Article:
Candidate Interview Preparation
Posted on 18-04-23 by Jack Woolsey
The amount of planning and preparation you do prior to an interview can vastly increase your chances of success.
Recruitment is highly competitive – you may well be up against candidates with more relevant experience than you, however if you are better prepared and demonstrate a genuine interest in the organisation and the role you will stand out from other candidates.
Some key points to consider:
- First impressions count – What you wear to the interview will have an impact. Make sure you are wearing appropriate attire – this will vary from industry to industry, but as a rule of thumb, dress how you would for a client/customer meeting. Your Consultant will be able to offer guidance if required.
- Time keeping – If you are attending in person, make sure you arrive 10-15 minutes before the meeting, don’t be too early or arrive at the last second. Plan the route and give yourself plenty of time. For online interviews, allow yourself 10-15 minutes to log on and test your equipment is working correctly. If you are running late ensure you make a call to us or the company to inform them.
- Sell yourself – An interview is your opportunity to sell yourself and your experience. The interviewer has limited time to identify your relevance for the role; they want you to be the right candidate (vacant roles cost companies money and cause managers headaches!), your job is to help them get the best out of the meeting by highlighting your appropriateness for the role.
- Research the business – Read through their website, annual report, social media channels and any trade brochures you can locate. If possible, talk to customers of the business to see what their perception is. Conduct a SWOT analysis of their products/service and prepare some comments on your observations to use during the meeting.
- Research the interviewers – Look them up on LinkedIn and use any mutual contacts to get additional insight into them.
- Match your experience to their requirements – Ensure that you have as much information about the role itself (your consultant should help you with this). Wherever possible ask for a role & person specification. Analyse the person specification and identify your strengths and weaknesses against this. Prepare evidence of how you meet the specification and make sure you discuss this during the meeting.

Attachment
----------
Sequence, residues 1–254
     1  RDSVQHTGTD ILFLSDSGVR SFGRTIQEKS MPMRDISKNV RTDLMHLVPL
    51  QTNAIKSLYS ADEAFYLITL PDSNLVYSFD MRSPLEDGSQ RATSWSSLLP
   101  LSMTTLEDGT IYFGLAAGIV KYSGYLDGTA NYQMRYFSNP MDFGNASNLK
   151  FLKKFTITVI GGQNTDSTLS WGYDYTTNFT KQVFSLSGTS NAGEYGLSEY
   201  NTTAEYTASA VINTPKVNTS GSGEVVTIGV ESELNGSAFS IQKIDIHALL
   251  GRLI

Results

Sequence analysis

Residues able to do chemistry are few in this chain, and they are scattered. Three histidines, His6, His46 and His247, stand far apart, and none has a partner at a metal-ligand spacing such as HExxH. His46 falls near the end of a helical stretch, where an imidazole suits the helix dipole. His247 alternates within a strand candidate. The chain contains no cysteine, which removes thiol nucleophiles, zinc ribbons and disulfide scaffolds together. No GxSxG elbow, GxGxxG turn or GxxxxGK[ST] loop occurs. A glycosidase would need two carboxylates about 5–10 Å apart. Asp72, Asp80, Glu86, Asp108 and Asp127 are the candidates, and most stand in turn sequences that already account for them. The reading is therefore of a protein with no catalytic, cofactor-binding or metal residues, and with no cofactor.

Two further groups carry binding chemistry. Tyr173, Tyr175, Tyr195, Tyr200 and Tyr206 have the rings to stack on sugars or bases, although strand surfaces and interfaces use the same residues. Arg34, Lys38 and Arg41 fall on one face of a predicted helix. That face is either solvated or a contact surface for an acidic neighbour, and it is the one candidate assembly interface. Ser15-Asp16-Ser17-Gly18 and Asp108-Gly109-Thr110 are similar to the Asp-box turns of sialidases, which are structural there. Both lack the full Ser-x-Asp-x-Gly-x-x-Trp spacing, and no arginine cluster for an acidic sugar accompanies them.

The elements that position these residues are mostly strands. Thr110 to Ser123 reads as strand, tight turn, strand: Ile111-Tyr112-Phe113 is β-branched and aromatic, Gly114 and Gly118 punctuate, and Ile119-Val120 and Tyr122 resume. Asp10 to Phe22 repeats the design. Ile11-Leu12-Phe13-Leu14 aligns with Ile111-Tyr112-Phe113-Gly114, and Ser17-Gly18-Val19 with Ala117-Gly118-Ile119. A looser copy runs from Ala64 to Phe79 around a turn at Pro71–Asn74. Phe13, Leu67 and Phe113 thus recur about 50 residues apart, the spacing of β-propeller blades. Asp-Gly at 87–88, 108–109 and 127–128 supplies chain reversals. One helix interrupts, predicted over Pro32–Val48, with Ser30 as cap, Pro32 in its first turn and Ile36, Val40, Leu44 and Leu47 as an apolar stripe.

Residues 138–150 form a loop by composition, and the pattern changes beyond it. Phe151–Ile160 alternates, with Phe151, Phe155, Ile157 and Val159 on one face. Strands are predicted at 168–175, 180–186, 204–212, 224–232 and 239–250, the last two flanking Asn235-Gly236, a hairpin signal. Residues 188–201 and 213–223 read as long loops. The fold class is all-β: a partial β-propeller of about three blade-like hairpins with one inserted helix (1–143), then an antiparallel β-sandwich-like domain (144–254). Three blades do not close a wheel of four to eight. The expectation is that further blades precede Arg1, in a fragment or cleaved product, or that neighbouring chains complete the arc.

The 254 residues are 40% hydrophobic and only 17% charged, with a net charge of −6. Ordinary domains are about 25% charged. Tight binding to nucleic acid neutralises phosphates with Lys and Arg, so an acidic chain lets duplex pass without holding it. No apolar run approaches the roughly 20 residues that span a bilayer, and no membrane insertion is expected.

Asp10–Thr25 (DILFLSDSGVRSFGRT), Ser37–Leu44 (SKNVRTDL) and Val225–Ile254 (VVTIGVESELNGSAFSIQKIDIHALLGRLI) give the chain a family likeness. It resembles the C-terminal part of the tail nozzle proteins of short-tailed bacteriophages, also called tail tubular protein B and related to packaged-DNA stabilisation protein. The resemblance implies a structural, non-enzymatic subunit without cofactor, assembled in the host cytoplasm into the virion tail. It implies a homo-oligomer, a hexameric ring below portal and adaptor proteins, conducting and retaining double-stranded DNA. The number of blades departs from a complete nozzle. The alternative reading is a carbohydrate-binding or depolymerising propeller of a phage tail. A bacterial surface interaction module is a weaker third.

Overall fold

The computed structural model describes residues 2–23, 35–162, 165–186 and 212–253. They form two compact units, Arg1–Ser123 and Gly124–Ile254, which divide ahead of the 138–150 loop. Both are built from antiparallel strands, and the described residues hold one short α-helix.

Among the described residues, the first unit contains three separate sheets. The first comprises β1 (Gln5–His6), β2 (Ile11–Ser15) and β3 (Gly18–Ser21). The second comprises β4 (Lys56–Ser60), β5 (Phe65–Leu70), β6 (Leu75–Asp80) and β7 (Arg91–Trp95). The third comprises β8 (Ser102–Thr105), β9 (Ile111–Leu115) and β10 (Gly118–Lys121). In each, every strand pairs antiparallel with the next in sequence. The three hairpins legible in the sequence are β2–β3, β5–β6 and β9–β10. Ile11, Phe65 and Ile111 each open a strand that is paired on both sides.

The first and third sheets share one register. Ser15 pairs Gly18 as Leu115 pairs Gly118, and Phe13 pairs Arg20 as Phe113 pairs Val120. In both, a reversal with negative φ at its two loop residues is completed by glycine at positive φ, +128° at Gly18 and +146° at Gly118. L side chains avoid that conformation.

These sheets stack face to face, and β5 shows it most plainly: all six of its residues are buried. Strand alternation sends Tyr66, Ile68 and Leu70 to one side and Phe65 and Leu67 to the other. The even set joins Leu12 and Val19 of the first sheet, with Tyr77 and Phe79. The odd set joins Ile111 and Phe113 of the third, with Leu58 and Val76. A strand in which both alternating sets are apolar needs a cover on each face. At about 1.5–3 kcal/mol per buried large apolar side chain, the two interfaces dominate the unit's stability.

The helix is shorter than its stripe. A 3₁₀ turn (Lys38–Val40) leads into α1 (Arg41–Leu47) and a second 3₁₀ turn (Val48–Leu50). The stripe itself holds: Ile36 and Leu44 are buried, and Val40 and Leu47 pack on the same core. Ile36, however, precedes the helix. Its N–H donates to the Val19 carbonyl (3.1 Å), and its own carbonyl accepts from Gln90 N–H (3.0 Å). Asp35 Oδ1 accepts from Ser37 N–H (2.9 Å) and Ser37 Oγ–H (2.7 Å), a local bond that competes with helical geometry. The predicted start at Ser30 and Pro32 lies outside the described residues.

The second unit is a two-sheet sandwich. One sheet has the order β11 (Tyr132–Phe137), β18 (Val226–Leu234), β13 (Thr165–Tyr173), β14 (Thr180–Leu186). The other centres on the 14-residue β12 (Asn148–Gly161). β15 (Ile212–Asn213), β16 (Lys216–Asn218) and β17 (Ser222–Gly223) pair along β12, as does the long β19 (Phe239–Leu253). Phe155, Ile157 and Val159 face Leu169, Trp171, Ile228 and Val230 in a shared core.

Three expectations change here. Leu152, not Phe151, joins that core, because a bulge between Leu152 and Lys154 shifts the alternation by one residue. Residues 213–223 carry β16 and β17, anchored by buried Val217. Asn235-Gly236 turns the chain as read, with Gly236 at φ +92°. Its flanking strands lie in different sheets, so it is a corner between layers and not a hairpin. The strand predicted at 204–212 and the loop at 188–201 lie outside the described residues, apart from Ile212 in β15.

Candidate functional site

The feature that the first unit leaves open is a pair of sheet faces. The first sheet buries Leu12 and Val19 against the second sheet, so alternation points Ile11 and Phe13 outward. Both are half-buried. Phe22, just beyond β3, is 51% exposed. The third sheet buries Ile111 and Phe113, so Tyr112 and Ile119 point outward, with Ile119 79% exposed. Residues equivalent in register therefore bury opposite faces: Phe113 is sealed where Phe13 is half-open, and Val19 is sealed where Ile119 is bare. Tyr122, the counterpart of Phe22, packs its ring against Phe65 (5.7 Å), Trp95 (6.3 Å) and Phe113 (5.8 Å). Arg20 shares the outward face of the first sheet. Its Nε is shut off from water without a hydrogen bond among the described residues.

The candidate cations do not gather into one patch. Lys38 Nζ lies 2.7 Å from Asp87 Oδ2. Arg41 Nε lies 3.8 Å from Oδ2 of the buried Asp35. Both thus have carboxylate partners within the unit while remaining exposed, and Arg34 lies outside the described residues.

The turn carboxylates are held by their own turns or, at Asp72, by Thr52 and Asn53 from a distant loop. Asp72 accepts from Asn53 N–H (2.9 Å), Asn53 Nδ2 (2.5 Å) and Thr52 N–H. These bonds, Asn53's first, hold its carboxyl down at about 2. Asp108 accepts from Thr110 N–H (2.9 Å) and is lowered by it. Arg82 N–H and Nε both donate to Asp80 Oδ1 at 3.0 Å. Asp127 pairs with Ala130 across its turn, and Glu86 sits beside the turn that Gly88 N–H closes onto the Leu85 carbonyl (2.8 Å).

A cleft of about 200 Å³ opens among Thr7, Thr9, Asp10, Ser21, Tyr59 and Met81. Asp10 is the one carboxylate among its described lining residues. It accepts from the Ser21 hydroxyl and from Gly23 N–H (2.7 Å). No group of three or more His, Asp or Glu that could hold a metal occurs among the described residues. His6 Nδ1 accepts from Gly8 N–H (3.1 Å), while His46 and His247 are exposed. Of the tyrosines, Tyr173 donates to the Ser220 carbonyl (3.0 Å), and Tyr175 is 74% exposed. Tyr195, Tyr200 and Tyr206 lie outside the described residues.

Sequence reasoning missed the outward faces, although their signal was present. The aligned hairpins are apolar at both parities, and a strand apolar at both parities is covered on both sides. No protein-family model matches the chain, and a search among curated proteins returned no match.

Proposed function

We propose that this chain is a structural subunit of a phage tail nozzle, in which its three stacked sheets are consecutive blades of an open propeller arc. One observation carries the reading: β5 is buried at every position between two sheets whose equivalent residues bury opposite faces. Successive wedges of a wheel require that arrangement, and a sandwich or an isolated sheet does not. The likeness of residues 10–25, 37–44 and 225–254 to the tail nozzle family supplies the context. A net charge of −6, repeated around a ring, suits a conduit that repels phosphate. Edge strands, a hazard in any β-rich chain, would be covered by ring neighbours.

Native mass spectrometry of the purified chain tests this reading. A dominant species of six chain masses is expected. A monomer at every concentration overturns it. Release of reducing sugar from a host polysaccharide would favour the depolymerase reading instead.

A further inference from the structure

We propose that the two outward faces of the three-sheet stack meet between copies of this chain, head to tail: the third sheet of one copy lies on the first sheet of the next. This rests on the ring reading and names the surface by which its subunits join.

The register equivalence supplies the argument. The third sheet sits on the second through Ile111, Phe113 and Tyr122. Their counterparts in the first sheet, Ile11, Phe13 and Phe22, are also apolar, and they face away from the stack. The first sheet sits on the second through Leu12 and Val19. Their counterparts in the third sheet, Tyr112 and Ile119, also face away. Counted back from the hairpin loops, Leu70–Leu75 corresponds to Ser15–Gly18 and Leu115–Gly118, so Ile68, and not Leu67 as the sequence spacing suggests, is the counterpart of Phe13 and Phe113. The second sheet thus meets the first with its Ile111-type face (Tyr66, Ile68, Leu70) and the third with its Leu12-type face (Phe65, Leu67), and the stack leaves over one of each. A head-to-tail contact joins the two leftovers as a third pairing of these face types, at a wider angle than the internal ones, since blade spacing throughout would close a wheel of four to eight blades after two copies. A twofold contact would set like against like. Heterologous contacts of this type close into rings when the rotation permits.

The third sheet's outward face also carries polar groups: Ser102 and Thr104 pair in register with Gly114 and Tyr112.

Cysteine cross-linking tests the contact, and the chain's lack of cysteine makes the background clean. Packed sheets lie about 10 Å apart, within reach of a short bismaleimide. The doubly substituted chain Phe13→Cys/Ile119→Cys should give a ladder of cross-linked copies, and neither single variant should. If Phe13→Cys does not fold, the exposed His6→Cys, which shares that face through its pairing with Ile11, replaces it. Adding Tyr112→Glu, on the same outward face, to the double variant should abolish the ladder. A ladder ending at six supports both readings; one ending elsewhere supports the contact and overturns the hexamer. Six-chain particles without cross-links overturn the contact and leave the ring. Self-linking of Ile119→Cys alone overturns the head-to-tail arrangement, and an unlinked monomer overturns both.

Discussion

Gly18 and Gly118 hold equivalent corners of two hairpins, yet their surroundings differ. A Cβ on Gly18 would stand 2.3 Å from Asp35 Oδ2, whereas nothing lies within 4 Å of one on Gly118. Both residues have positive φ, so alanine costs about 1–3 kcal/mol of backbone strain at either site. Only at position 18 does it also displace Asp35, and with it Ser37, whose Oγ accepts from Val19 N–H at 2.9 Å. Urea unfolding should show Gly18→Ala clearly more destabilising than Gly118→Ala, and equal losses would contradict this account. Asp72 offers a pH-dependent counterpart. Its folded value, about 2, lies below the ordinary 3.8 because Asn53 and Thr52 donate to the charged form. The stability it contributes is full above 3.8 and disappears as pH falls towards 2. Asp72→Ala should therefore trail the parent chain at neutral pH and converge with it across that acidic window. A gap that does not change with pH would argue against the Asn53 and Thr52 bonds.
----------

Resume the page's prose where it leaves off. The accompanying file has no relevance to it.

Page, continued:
- Prepare for objections – Be prepared with answers to overcome any potential objections. If you have made an unusual move or have a gap on your CV, be prepared to explain that. If you have limited experience in a certain area, ensure you have done enough research to demonstrate that you can learn quickly etc.
- Know your own CV! Many interviewers start by asking you to run through your CV. You shouldn’t have to refer to it constantly. Plan what you will say beforehand, think about each role you have had, what your responsibilities were and most importantly what you achieved in the role. Make sure you have logical reasons for moving positions and try to avoid being derogatory to a previous employer.
- Make the interview 2-way and prepare questions to ask – remember that you have to come away from the meeting happy that the company and the role are right for you. Be prepared, have your questions listed and typed up, not handwritten on paper. Ask questions on the strategic direction of the business, their expectations of you in the role and how you can grow and develop in their business. Don’t ask how many holidays you get!
- Close the meeting – It is imperative, especially when pursuing a sales opportunity, to end the meeting with a close. For example: What is the next stage? How do I compare to other candidates you have met?
- Follow up – After the meeting send an e-mail to everyone you have met, thanking them for their time and re-confirm your level of interest in the role.
- Feedback to your consultant – call us immediately after the meeting so that we can take your feedback. This is really important whether the meeting has gone well or not as we will then need to communicate with the client and get their feedback which will be useful for you moving forward.
For more advice and tips take a look at our Candidate Toolkit
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